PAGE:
Horror fans expecting plenty of vampire action will be disappointed. Yes, there’s bloody feasting on the throats of dead enemies. But far more gangsters die by the .45 than by the fang, and vampirism becomes more something to ponder than the focus of the film.
And maybe it’s the heavily-made-up rock-star leads, but despite several of the male characters romancing the mute sister, Moon Child has enough latent homosexuality to make a Top Gun fan blush. One of TLA’s other specialty lines features gay and lesbian films, and there are several poignant moments between Kei and Sho that suggest untapped crossover potential.
As with many Asian films, there’s the nagging suspicion something cultural is lost in translation. But if the three “Danger After Dark” films are strange, they’re also pretty darn good.
Video and Audio:
Suicide Club and 2LDK are both remastered in anamorphic widescreen, according to TLA, and Moon Child already featured the video enhancement.
Though Suicide Club is listed as 1.85:1 anamorphic, the ratio is more like 2.35:1. The mastering itself seems fine, clear and without any compression issues, but the image is quite soft and grainy. The picture is certainly acceptable, though clearly the source elements were not great. Although blacks are strong, colors are a bit muted as well.
2LDK’s video is nicer, benefiting from a brighter overall image and suffering only from some rough-around-the-edges source material. In this case, the anamorphic enhancement really brings out the best in the film, however, as colors are bright and images are clear.
Moon Child is also anamorphic, but suffers slightly because it missed out on the remastering. The image is highlighted by solid blacks, but like Suicide Club, it suffers from softness and grain. There were a few very minor compression issues, possibly a result of the older mastering process.
Suicide Club is listed with a “stereo” track, while 2LDK and Moon Child both have “surround” tracks, according to their packaging. However, all are Dolby 2.0 at their base, and there is no true “surround” using the rear speakers or bass.
Suicide Club’s 2.0 sound is acceptable, but regrettably shallow, especially given the film’s many uses of a not-so-rumbling subway train. However, there is no problem with dialogue clarity or volume levels. For 2LDK, a “smaller” film in scale, the 2.0 surround is perfectly fine, with the soundtrack clear, if again a bit shallow as a result of the frontal orientation. It is only really a drawback during the few loudest combat scenes late in the film. Moon Child also has a 2.0 track and, of the three films, holds up best during the loud moments — a plus with the film’s many gunfights. Of course, of the three films, the bullet ballet cries out the most for a 5.1 track.
All three films have optional English subtitles for their Japanese language tracks — again, there’s an upgrade, as 2LDK’s are new — but no English dubs are present. Subtitling is generally good, though the Suicide Club band “Dessert” wreaks havoc on both the subtitling and the movie itself.
The best film gets the best supplements — in fact, the only real ones in the set. 2LDK has two featurettes, and both are valuable indeed. The 20-minute “making of” piece is as funny as the film and offers a good look at the eight-day shoot, including extensive interviews with director Tsutsumi and actresses Nonami and Koike. The other is even more interesting: 25 minutes of (subtitled) footage from various news conferences for 2LDK and the Duel Project itself, including interviews and remarks from Tsutsumi, Kitamura, Nonami and Koike. It’s a shame TLA couldn’t get the rights to Aragami — which belong to Media Blasters’ Tokyo Shock line — since a Duel Project double-feature based around this footage (and that available for Aragami) would have made a showcase box set for the fledgling line.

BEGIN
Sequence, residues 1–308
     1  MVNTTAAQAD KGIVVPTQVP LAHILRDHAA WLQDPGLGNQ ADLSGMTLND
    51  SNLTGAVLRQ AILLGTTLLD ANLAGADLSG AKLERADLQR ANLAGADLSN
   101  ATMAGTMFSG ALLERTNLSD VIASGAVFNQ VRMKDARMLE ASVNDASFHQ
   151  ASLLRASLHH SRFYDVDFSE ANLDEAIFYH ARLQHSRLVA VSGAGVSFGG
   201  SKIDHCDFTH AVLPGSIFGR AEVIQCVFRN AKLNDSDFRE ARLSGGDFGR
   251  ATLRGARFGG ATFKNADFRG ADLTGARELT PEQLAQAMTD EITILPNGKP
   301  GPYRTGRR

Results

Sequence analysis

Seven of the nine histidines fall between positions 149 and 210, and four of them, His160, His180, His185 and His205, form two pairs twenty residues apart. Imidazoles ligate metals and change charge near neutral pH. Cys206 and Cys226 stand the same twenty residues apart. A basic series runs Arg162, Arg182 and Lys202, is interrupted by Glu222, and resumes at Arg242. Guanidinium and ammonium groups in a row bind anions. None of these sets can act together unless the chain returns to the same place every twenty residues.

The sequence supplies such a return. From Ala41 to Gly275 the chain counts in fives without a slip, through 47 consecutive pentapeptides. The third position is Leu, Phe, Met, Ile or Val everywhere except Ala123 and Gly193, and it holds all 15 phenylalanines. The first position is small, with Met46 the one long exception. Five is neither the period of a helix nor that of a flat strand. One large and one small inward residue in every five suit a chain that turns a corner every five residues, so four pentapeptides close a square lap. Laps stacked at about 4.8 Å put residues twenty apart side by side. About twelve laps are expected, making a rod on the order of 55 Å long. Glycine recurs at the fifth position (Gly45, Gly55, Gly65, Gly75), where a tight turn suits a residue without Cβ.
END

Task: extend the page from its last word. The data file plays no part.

A handful of “Danger After Dark” trailers on 2LDK are the least of the features, but regrettably, on the other discs, they’re essentially the only ones. Suicide Club and Moon Child are pretty much rehashes of the original bare-bones releases, with just very small photo galleries and assorted TLA trailers.
In some ways, it’s tough to look at a somewhat barren set — three discs with a sum total of two real extras — and feel optimistic about TLA’s future add-ons. But 2LDK’s hour worth of featurettes is an excellent complement to the film, and the next “Danger After Dark” DVD, the Australian serial-killer flick Feed, appears to follow the trend, with a number of special features slated.
This trio of films is a bit of an odd combination to open the “Danger After Dark” line, since only one is even remotely the type of horror the label brings to mind.
Although the features on the various discs are disappointing, given a list price of only $29.99 for the set, it is tough to demand more. After all, some studios’ bare-bones DVDs go for near $30 for a single movie, and in this box, you get three pretty good ones.
I see a DVD line’s debut box set, I expect special editions, and these aren’t even close. But Suicide Club and 2LDK belong in any horror-satire fan’s collection, and TLA’s discs get the job done for the films — and that counts most of all.
For less than $10 a movie, it’s easy to recommend a purchase for Asian cinema fans.
(Weapons of Choice: Mitsubishi 1080 series 42” TV, Sony DVP-CX995V DVD player, Bose Lifestyle 25 Series II speakers and, in certain situations, Panasonic 27” TV, Panasonic A110 DVD player and Bose TriPort headphones.)